I think this is extremely surprising news. I hope it sets a precedent.
Today [Friday] in Texas, former prosecutor and judge Ken Anderson pled guilty to intentionally failing to disclose evidence in a case that sent an innocent man, Michael Morton, to prison for the murder of his wife. When trying the case as a prosecutor, Anderson possessed evidence that may have cleared Morton, including statements from the crime’s only eyewitness that Morton wasn’t the culprit. Anderson sat on this evidence, and then watched Morton get convicted. While Morton remained in prison for the next 25 years, Anderson’s career flourished, and he eventually became a judge.
In today’s deal, Anderson pled to criminal contempt, and will have to give up his law license, perform 500 hours of community service, and spend 10 days in jail. Anderson had already resigned in September from his position on the Texas bench.
What makes today’s plea newsworthy is not that Anderson engaged in misconduct that sent an innocent man to prison. Indeed, while most prosecutors and police officers are ethical and take their constitutional obligations seriously, government misconduct–including disclosure breaches known as Brady violations—occurs so frequently that it has become one of the chief causes of wrongful conviction.
What’s newsworthy and novel about today’s plea is that a prosecutor was actually punished in a meaningful way for his transgressions.
The State is supposed to have to prove a case against an accused person who is innocent until proven guilty. But the state also almost always has the power and the budget to do the most thorough investigation. Naturally, if someone is supposed to defend themselves from an accuser with all those resources, he has to be able to learn about that investigation. A prosecutor is free to press charges even in the face of evidence that the defense will use to attempt to convince a jury or judge that the prosecutor is wrong. But the prosecutor can’t hide parts of the investigation. The moment he does so, he has terminated the accused right to defend himself before a jury of his peers.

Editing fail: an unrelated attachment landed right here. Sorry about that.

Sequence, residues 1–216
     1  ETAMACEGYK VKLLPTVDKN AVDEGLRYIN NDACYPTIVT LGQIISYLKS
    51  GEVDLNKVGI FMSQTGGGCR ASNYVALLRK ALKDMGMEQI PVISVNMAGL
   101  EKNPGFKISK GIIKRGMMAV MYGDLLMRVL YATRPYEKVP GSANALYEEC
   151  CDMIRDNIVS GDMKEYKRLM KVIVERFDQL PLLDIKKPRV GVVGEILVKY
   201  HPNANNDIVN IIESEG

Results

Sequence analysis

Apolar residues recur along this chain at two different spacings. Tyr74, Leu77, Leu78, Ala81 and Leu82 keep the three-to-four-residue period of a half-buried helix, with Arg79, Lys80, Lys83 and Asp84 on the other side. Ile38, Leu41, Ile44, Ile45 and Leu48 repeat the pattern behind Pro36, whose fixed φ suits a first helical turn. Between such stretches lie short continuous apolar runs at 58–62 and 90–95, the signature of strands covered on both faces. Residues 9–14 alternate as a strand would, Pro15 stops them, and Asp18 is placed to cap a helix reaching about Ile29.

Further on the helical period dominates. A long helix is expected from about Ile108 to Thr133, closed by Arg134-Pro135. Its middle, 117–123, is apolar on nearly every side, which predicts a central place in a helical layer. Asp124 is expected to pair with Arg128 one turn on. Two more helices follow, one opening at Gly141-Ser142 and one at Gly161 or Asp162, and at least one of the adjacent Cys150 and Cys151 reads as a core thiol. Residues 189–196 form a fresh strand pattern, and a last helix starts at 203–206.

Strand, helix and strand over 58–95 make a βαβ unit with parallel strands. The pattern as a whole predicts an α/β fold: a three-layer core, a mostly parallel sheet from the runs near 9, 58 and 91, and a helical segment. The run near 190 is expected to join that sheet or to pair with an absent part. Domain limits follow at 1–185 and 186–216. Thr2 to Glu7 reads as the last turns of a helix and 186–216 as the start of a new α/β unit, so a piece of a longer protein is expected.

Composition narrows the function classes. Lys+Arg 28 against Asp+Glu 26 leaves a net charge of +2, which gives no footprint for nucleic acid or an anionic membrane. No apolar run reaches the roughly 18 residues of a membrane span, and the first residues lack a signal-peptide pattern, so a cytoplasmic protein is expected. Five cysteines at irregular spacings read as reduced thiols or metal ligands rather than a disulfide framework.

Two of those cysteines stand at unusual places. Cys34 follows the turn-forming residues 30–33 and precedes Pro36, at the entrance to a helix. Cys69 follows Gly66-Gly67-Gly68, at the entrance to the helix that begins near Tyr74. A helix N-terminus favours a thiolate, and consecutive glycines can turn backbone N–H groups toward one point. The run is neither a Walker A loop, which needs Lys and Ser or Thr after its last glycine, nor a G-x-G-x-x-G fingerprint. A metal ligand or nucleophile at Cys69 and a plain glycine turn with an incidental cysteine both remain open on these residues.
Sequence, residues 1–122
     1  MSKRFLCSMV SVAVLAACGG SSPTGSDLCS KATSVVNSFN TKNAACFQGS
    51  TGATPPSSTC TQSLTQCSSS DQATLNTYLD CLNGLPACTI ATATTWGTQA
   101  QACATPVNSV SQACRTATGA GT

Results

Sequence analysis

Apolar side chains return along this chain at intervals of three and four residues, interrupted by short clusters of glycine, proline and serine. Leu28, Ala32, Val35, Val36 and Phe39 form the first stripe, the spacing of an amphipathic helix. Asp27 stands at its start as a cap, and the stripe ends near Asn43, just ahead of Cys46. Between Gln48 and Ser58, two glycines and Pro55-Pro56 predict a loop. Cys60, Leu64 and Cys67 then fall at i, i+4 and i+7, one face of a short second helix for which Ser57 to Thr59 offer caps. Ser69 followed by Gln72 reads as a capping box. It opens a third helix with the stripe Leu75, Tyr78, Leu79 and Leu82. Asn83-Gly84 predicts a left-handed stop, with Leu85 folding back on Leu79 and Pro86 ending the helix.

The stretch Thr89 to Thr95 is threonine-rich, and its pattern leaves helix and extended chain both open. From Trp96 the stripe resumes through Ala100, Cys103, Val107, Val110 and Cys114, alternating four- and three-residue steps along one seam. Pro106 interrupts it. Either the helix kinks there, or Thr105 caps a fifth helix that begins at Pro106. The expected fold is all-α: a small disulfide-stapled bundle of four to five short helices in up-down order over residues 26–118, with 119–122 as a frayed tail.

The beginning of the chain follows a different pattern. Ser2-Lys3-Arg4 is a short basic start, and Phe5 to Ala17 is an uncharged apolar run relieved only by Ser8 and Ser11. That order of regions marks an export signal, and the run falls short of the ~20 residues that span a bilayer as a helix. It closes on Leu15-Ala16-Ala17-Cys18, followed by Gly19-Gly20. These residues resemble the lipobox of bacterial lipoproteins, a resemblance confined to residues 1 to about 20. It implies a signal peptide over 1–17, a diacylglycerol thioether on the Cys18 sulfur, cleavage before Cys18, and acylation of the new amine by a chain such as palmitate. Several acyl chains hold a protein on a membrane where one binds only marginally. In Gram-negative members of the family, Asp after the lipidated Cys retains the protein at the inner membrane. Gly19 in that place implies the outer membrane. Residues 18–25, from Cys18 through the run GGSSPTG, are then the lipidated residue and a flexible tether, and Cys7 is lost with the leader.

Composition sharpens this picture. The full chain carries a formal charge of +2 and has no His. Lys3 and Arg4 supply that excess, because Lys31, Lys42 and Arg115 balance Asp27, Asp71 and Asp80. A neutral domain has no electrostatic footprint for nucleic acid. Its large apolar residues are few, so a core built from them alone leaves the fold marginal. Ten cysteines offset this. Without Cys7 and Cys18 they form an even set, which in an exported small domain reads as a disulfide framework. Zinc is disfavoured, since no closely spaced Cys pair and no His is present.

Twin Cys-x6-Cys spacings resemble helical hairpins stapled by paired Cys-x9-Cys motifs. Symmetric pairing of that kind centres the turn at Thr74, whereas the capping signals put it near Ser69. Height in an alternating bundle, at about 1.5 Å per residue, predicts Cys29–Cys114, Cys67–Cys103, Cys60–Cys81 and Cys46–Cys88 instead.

Of course the police can do the same kind of thing and probably do it in a way that is much harder to detect. In the case of both prosecutor and police, one’s career typically depends on a high conviction rate. This must prove very tempting. Mark Godsey, the Director of the Ohio Innocence Project (and also Carmichael Professor at the University of Cincinnati College of Law) writes,
I give speeches about the Innocence Movement, and tell stories from real cases, all around the world. No matter where I am, when I finish speaking the first question usually is, “What happened to the police/prosecutors who did this to the poor guy?” The answer is almost always, “Nothing,” or worse, “The police officer was promoted and now is the chief of his department.” The adage that the powerful go unpunished is no truer or more visible than with police officers and prosecutors in America—even when they send innocent people to prison from their misconduct.
Obviously, this needs to change. It is not obvious, despite this one victory, that it ever will. There are good prosecutors and good police officers, but they are almost at a disadvantage if corrupt co-workers don’t have to fear punishment for corrupting the process to win more convictions.